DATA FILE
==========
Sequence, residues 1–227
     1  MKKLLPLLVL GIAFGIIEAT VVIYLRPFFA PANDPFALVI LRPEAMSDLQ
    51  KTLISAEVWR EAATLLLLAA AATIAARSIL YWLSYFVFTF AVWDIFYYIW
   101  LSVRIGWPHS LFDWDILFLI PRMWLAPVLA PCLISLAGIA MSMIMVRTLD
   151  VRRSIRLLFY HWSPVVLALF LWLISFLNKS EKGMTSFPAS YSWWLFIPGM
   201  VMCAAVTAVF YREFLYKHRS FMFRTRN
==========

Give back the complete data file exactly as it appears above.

Sequence, residues 1–227
     1  MKKLLPLLVL GIAFGIIEAT VVIYLRPFFA PANDPFALVI LRPEAMSDLQ
    51  KTLISAEVWR EAATLLLLAA AATIAARSIL YWLSYFVFTF AVWDIFYYIW
   101  LSVRIGWPHS LFDWDILFLI PRMWLAPVLA PCLISLAGIA MSMIMVRTLD
   151  VRRSIRLLFY HWSPVVLALF LWLISFLNKS EKGMTSFPAS YSWWLFIPGM
   201  VMCAAVTAVF YREFLYKHRS FMFRTRN